? - He was a member of the Romanian Society of Literature and Art;
    ? - He was deputy of Teleorman;
    1928 - Member of the Special Committee for the implementation of the regulation of construction and alignment.


    Completed Projects
    Urban design and landscaping:
    1904-1906 - Project for the General Plan of Bucharest - not materialized; 
    1914 - Alignment and systematization plan of Craiova, with Eng. M. Colleanu.
    Architectural projects:
    Houses in Bucharest
    1898 - ”General Eraclie Arion” House, 15 Blvd. Lascar Catargiu, Bucharest;
    1900 - ”Grigore P. Olanescu” House, 51 Blvd. Lascar Catargiu (demolished);
    1901-1902 -  Villa ”Vasile Ganescu”, 9 Soseaua Kiseleff;
    1902 - Gheorghe Grigore Cantacuzino Palace (pre-project - June-November 1901, the building permit - June 12, 1902, inaugurated with great fanfare - January 29, 1906);
    1903 - The house of the diplomat ”Alexandru G. Florescu”, 22 Henri Coanda Street;
    1904 - The house of the industrialist ”George G. Assan”, 9 Lahovary Square (now Casa Oamenilor de Stiinta);
    1905 - ”George Solacolu” House, 8 Visarion Street, intersecting Blvd. Lascar Catargiu (derelict building since 2001, now a ruin);
    1905 - ”Daniel Patrulius” House, 43 Daniel Patrulius Street, Bucharest;
    1906 - ”Ion Kalinderu” Museum and House, 2-4 Vasile Sion Street, Bucharest; (until a few years ago, the headquarters of "Nicolae Grigorescu" Institute of Fine Arts );
    1907 - ”Dumitru T. Apostol” House, 10 Christian Tell Street (today, the Branch for Children and Youth of  "Ion Creanga" Metropolitan Library Bucharest);
    1908-1909 - Admiral Vasile Urseanu House, 21 Blvd. Lascar Catargiu, Bucharest (today Astronomical Observatory and Museum of Experimental Sciences );
    1909 - ”Eliza Zanescu” House, 6 Emil Balaban Street, Bucharest;
    1909 - ”Dr. Ioan E. Costinescu” House, 31 Thomas Masaryk Street, Bucharest;
    1911 - ”Nicolae Titulescu” House, 47 Soseaua Kiseleff, Bucharest (today, Nicolae Titulescu Foundation);
    1911 - Villa „Maria Ioanidi” (in Ioanid parceling), 79 Blvd. Dacia, Bucharest;
    1911 - ”Ion si Irina Procopiu” House (in Ioanid parceling), 5 Dumbrava Rosie Street, Bucharest;
    1911-1914 - ”Emanuel si Catherina Kretzulescu” House and Garage, Bucharest (the design of the house had probably been initiated in 1904);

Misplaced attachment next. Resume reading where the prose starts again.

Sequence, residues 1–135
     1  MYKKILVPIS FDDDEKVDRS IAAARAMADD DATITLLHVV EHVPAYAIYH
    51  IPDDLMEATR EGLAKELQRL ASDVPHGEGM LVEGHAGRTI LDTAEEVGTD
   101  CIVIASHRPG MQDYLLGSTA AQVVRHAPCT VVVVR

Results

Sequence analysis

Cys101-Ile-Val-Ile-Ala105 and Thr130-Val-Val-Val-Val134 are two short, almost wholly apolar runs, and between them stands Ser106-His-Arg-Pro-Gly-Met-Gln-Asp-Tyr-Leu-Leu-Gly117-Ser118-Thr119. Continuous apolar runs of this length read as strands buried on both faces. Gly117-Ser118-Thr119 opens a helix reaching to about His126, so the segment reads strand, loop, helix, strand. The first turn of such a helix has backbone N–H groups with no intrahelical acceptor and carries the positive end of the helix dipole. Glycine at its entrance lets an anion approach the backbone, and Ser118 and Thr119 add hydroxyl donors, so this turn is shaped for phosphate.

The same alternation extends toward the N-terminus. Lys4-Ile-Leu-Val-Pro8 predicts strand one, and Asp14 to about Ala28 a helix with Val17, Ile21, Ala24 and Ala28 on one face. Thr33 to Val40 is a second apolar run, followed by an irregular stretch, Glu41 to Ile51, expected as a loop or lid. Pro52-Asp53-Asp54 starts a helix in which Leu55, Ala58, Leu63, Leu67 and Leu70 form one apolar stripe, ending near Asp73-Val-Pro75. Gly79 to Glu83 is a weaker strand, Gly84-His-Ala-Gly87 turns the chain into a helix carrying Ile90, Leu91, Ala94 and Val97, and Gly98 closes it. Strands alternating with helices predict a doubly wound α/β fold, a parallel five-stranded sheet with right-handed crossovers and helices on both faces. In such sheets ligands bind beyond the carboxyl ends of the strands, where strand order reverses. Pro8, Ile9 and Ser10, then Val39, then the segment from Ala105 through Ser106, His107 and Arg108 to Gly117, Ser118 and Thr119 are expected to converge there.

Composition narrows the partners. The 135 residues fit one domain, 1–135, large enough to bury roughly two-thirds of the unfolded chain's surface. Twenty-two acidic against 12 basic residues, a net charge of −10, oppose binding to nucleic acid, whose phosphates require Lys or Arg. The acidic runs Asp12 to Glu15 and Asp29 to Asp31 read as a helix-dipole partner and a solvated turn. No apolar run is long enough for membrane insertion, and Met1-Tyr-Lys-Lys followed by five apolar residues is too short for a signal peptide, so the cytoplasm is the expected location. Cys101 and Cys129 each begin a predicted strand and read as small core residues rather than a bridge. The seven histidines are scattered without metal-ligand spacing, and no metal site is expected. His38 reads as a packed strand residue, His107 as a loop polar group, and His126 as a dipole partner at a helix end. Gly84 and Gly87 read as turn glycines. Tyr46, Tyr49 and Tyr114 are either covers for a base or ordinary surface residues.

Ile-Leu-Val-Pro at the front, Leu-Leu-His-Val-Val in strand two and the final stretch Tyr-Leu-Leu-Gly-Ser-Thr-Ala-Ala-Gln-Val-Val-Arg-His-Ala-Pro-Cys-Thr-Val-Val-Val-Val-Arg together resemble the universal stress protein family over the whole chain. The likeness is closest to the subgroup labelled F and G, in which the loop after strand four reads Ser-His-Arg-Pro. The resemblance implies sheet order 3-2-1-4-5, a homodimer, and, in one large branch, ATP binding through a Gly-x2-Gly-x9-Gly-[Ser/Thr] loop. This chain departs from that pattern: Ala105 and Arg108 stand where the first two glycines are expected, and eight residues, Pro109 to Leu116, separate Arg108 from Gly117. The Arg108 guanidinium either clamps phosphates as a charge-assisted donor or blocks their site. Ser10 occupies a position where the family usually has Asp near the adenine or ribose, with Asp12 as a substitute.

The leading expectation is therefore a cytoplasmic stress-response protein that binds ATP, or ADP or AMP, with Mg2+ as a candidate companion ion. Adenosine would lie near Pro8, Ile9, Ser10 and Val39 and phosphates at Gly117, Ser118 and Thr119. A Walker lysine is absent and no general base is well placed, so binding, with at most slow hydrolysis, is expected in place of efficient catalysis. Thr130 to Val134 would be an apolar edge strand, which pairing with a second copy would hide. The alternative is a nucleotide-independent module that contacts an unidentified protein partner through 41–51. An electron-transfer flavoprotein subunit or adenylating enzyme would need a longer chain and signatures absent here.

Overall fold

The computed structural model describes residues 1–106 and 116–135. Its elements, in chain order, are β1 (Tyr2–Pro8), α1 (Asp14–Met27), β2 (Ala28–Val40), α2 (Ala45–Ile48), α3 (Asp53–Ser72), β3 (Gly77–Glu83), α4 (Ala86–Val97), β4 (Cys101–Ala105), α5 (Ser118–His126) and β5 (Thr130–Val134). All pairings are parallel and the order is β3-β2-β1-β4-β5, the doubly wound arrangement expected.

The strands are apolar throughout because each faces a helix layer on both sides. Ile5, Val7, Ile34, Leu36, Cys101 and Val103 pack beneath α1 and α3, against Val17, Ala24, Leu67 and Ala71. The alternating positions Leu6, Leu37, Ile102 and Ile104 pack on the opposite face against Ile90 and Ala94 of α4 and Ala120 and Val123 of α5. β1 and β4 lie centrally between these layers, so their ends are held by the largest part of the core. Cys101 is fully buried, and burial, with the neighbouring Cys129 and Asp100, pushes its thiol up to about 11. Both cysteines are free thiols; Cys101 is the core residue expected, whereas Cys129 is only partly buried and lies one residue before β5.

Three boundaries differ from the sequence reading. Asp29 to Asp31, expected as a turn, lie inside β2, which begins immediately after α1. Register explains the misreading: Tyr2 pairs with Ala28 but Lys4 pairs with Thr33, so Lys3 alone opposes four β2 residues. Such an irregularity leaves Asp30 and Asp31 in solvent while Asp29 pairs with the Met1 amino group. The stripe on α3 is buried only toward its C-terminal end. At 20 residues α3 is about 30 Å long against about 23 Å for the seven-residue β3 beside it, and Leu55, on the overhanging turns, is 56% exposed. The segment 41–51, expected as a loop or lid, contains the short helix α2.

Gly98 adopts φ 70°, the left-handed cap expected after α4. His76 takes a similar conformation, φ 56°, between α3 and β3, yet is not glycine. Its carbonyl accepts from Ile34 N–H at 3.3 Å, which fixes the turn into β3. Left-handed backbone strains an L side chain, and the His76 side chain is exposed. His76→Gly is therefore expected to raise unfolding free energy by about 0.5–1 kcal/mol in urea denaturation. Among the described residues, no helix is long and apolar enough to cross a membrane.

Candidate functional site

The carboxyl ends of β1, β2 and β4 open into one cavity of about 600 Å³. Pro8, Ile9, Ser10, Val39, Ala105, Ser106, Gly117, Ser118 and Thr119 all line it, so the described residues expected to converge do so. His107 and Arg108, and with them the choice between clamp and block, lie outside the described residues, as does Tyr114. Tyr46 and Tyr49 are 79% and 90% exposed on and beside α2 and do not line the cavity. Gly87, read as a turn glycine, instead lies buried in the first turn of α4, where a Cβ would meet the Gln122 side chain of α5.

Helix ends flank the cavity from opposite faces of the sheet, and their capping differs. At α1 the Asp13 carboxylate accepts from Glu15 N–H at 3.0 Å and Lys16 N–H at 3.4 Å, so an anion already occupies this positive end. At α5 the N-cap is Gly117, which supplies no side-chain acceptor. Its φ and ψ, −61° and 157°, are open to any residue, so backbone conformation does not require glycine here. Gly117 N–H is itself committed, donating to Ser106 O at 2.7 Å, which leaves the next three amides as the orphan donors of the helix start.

1911-1914 - ”Ana and Alexandru Tartasescu” House (in Ioanid parceling), 9 Dumbrava Rosie Street, Bucharest;
    1911-1914 - ”Colonel C. A. Tanasescu” House (in Ioanid parceling), 11 Dumbrava Rosie Street, Bucharest;
    1912 - ”Sever I. Pleniceanu” House, 20 Jean-Louis Calderon Street, Bucuresti;
    1912 - ”Colonel Alexandru Zamfirescu” House, 22 Ion Slătineanu Street, Bucharest;
    1912 - ”Ana Berindey” House, 26A Maria Rosetti Street, intersecting Donici Street, Bucharest;
    1912 - ”Toma Stelian” House, 10 Soseaua Kiseleff, Bucharest. Since 1926, after Toma Stelian’s death, the house functioned as an art museum until 1948, when the museum was closed by the communist regime. Today the house is the headquarters of the Social Democratic Party. The sculptor chosen to decorate the interior of Toma Stelian’s lavish residence was Wilhelm Dietz;
    1912-1913 - ”Engineer Nicolae Poenaru-Iatan” House, 2 Polona Street, Bucharest;
    1913 - The house of the politician Emil Costinescu, 4 Polona Street. Until recently, the building was the headquarters of the Embassy of Japan, and today it hosts a private kindergarten. It is part of Ioanid allotment, through whose regulation the municipality recommended a national style and garden arrangements;
    1913 - ”Ion Camarasescu” House, 39 Blvd. Lascar Catargiu, intersecting Gina Patrichi Street, Bucharest (Today, the Embassy of Iran in Romania);
    1913 - ”Hugo Staadecker” House, 4 Dumbrava Rosie Street (Ioanid parceling), Bucharest;
    1913 - ”Grigore N. Filipescu” House, 40 Nicolae Filipescu Street, Bucharest;
    1914 - The house of actress Marioara Voiculescu, 14 Spiru Haret Street, Bucharest;
    1914 - ”Gheorghe Stoicescu” House, 82 Jean-Louis Calderon Street, Bucharest;
    1914 - ”Maria and Ion Sterian” Rental Property, 9 Pache Protopopescu Square, Bucharest;
    1915 - Margot and Aurel Orascu Rental Property, 9 Franceza Street. Until 2008, the building housed Casandra Theatre Studio;
    1922 - Ilie Sabareanu - Constantin Leonida linked houses, 81 Blvd. Dacia (in Ioanid parceling), Bucharest;
    1923 - ”Ana Berindey” House, 14 Roma Street, Bucharest;
    1927 - ”Maria Filotti” Memorial House, 12 Vasile Parvan Street, Bucharest;
    ? - Stefanescu House, 55 Blvd. Lascar Catargiu, Bucharest (demolished);